In “There Comes a Time,” for instance, we meet twenty five year old Justin.  “Life had conspired to make him a virgin, or rather, to keep him a virgin.”  His buxom, fifty-ish neighbor Brenda knows just what to do about that problem.

Neighbors help one another out again in the exuberant “Mrs. MacLeod.” In this case the protagonist is a widower who admires the lady of the title as she walks by his house each day:

His late wife had accused him many times of being a tit man. He was a tit man. He loved all the other bits, too, but it was a woman’s boobs that always drew his first glance. That, or rather those, were what made Mrs. McLeod special. Hers were big. By most standards they were too big, but when you’re a real tit man, it’s hard to ascribe the words ‘too big’ to any woman’s breasts. Hers fascinated him.

He never missed his sightings of them. She was perhaps five-eight, and although wide of hip and heavy of bust, she bore herself with considerable grace. Her breasts varied their position on her chest, no doubt depending on her choice of bra. Their bounce factor varied too, for the same reason, of course.

One glorious day, he’d seen her obviously braless. Just the once. She’d no doubt realized, as did Reg, that her breasts were too heavy to be free like that. But their heavy movement and very, very obvious nipples had been a remarkable sight. The next day, he’d even set his alarm clock - just in case. But there’d been no repeat of that delightful performance, that morning or since.

Julius likes his ladies with plenty of flesh. Age doesn’t really matter. His heroines may be fresh and sassy or mature and nurturing. In “Happy Birthday, Mr. Hewitt,” a voluptuous twenty-something woman shows up in Graham Hewitt’s office, dressed in a garter belt, lacy black stockings and a tiny thong, and proceeds to give him a very special birthday gift – only to discover her services had actually been booked on behalf of Graham’s twin brother Gordon. In “Perfect in Every Detail,” orderly and somewhat repressed Milly receives a box of exquisitely detailed, penis-shaped chocolates, mistakenly delivered to her confectionery shop rather than to the adult toy store next door. When she returns them to their rightful owner, she is introduced – much to her eventual delight – to the real-world model for the candy cocks.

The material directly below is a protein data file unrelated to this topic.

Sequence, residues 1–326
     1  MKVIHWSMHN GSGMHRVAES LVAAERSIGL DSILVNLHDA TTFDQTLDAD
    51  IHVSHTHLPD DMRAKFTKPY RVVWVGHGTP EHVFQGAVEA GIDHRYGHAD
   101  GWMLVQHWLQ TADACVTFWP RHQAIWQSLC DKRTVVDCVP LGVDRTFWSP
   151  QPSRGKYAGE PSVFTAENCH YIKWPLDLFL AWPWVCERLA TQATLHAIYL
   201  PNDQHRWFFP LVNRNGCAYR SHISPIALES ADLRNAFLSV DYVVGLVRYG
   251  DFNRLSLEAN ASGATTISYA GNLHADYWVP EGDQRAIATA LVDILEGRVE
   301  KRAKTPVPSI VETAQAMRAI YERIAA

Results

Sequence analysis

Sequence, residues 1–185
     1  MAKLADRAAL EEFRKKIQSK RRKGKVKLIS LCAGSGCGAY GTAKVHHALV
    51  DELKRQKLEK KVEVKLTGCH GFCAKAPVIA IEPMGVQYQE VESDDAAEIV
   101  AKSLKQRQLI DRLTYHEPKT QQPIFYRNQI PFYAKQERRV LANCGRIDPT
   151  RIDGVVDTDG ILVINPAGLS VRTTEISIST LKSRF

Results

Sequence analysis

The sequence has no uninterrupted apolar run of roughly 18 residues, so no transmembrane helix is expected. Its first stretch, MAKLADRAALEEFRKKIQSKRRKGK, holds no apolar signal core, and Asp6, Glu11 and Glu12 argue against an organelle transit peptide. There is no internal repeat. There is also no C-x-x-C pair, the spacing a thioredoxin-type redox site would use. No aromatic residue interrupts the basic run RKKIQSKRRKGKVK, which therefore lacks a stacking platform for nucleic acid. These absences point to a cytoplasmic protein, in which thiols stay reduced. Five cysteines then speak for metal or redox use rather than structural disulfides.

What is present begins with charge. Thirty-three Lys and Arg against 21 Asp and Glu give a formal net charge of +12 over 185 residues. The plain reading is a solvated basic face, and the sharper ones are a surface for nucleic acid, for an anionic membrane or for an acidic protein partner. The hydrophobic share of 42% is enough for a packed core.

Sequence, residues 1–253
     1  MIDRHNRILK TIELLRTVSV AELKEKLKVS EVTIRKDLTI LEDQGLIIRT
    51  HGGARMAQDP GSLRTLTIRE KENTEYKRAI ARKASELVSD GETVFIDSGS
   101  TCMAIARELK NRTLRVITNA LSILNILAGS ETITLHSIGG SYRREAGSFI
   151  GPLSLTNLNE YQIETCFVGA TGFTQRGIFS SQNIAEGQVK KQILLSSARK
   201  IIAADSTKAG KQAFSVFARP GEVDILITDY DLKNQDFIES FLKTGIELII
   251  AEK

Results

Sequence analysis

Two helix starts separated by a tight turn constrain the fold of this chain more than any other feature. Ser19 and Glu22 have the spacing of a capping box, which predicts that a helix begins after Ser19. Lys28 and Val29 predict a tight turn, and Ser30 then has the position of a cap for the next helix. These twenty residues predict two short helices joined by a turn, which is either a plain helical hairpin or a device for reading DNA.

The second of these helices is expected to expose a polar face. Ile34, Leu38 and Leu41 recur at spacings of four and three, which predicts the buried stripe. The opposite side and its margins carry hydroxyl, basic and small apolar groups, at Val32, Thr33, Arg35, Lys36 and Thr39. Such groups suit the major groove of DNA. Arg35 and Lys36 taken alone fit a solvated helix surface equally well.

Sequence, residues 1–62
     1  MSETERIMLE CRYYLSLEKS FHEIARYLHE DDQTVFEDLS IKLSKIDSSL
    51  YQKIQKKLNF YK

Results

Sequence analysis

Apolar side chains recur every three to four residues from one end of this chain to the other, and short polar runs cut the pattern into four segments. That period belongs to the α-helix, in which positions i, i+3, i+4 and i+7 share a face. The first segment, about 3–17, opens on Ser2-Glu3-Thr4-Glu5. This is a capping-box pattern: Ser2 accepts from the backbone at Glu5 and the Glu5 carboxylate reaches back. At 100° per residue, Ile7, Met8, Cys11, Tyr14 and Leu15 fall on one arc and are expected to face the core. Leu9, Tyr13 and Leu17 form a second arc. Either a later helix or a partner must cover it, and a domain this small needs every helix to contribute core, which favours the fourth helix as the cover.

Some of the stories, like “The Airman and The Lady” or “Six Miles High,” focus on chance encounters or once-in-a-lifetime adventures. Others, like “Crumpet Buttered Lips,” “Waking Dream” and “Her Fuck Was Coming,” offer peeks into the lives of established couples. Even when the couple involved are strangers, the tales in this collection take a romantic view of sex. More often than not, there’s at least a hint that the wonderfully satisfying sexual encounters chronicled in the story will be repeated in the future.

One of the more unusual stories, and one of my personal favorites, is “Time Travel Made Easy.” This scifi fantasy takes place two centuries in the future. Fertility has dropped dramatically. The narrator works in the “Female Acquisition Department,” where androids deliver healthy young women fetched from the twentieth century. The females’ eggs are harvested before they’re returned to their own time. Due to a system glitch, copper-haired Arabella shows up in the acquisition pod – a woman from 1699 rather than 1999. Born in a benighted time when women were property and men were more or less brutes, Arabella has never experienced foreplay or the pleasures of a considerate lover. As you might guess, she turns out to be a fast learner.

Another favorite was “Pussy-holic,” about an author of erotica who is more of less stalked by one of his fans. Together, they act out what had previously been only fiction.

The author is very much present in these tales. His personal feelings about women – something just short of worship - blaze bright in every story. In addition, several of the stories feature historical or cultural notes, especially the tales that draw on the author’s own career in aviation.

Overall, The Sweetest Thing is an arousing and entertaining, if unfashionably straight, book. It left me with a sense of nostalgia – as well as an appropriately moist pussy.